Warts

Warts are persistent and—worst of all—contagious. These small growths can form on the bottom or top of the foot and develop when the skin becomes infected with a virus.

Plantar warts are flat and usually have a hard surface, and most commonly occur in children, teens, the elderly, and people with certain conditions (allergies, immune system deficiencies, etc.). While not life-threatening, if left untreated plantar warts can swell in size and cause additional pain and bleeding. Warts do go away on their own, but this process can take months or even years—allowing the virus that causes warts to spread to others in the meantime.

Plantar wart symptoms include:

  • A small rough growth located at the bottom or top of the foot.
  • Tiny black or red dots. These are actually small, dried blood vessels inside the wart.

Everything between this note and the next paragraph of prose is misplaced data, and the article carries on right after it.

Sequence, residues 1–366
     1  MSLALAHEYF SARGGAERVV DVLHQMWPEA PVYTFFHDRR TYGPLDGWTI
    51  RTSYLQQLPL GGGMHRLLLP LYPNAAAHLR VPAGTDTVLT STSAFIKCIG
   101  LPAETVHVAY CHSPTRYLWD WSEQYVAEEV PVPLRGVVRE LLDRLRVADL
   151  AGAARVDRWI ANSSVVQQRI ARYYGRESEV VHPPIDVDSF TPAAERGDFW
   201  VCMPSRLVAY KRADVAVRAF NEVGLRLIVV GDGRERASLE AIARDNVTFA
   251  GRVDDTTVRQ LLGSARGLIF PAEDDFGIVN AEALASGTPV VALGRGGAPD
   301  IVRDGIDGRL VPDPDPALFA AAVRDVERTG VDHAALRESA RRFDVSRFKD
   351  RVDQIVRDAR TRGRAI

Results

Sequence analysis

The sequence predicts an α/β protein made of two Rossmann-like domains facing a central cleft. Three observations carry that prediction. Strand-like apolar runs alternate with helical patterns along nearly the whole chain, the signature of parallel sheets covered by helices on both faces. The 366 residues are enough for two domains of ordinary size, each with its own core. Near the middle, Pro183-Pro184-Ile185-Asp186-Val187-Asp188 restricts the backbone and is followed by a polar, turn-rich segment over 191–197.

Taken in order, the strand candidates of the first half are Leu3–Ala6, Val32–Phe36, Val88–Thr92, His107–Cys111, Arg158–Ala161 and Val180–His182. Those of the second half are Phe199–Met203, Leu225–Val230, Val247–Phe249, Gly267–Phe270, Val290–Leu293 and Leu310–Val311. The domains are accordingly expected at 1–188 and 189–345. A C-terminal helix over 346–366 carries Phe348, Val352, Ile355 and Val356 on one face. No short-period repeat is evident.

• Pain while walking or standing.

Prevention

The virus that causes warts enters any cuts or weak points on the foot, and thrives in warm, moist environments—such as gyms, locker rooms, and pools. Because of this, the best way to prevent plantar warts is to always wear shoes or sandals. Socks and shoes should be kept clean and dry, while feet should always be checked periodically.

Treatment

If you notice you have a wart, try not to touch or irritate it. Consult a doctor for immediate relief or removal. Medical techniques include various treatments, cryotherapy, or surgery. Home treatments of warts are always tempting and convenient, but in some cases can make things worse.

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